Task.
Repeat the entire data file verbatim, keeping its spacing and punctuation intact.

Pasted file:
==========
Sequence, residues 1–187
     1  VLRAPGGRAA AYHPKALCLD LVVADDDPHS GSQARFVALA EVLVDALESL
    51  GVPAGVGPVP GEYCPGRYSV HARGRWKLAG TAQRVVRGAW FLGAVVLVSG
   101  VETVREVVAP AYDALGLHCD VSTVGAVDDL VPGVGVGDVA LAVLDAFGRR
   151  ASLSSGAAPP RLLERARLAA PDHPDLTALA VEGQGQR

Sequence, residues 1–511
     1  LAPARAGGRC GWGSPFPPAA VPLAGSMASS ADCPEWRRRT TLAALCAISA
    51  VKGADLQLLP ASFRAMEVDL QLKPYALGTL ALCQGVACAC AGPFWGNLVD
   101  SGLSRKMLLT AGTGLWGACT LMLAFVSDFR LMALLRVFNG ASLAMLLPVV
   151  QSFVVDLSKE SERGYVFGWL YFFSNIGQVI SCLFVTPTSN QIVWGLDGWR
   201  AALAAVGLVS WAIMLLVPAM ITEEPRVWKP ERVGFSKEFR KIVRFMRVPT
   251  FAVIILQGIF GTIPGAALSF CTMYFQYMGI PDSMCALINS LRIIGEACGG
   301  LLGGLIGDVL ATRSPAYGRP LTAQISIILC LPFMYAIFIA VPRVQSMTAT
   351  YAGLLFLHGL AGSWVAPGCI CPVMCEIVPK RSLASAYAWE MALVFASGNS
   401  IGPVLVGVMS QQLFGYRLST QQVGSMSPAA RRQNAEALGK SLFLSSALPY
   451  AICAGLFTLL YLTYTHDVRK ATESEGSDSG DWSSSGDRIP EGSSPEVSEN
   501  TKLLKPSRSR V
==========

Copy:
Sequence, residues 1–187
     1  VLRAPGGRAA AYHPKALCLD LVVADDDPHS GSQARFVALA EVLVDALESL
    51  GVPAGVGPVP GEYCPGRYSV HARGRWKLAG TAQRVVRGAW FLGAVVLVSG
   101  VETVREVVAP AYDALGLHCD VSTVGAVDDL VPGVGVGDVA LAVLDAFGRR
   151  ASLSSGAAPP RLLERARLAA PDHPDLTALA VEGQGQR

Sequence, residues 1–511
     1  LAPARAGGRC GWGSPFPPAA VPLAGSMASS ADCPEWRRRT TLAALCAISA
    51  VKGADLQLLP ASFRAMEVDL QLKPYALGTL ALCQGVACAC AGPFWGNLVD
   101  SGLSRKMLLT AGTGLWGACT LMLAFVSDFR LMALLRVFNG ASLAMLLPVV
   151  QSFVVDLSKE SERGYVFGWL YFFSNIGQVI SCLFVTPTSN QIVWGLDGWR
   201  AALAAVGLVS WAIMLLVPAM ITEEPRVWKP ERVGFSKEFR KIVRFMRVPT
   251  FAVIILQGIF GTIPGAALSF CTMYFQYMGI PDSMCALINS LRIIGEACGG
   301  LLGGLIGDVL ATRSPAYGRP LTAQISIILC LPFMYAIFIA VPRVQSMTAT
   351  YAGLLFLHGL AGSWVAPGCI CPVMCEIVPK RSLASAYAWE MALVFASGNS
   401  IGPVLVGVMS QQLFGYRLST QQVGSMSPAA RRQNAEALGK SLFLSSALPY
   451  AICAGLFTLL YLTYTHDVRK ATESEGSDSG DWSSSGDRIP EGSSPEVSEN
   501  TKLLKPSRSR V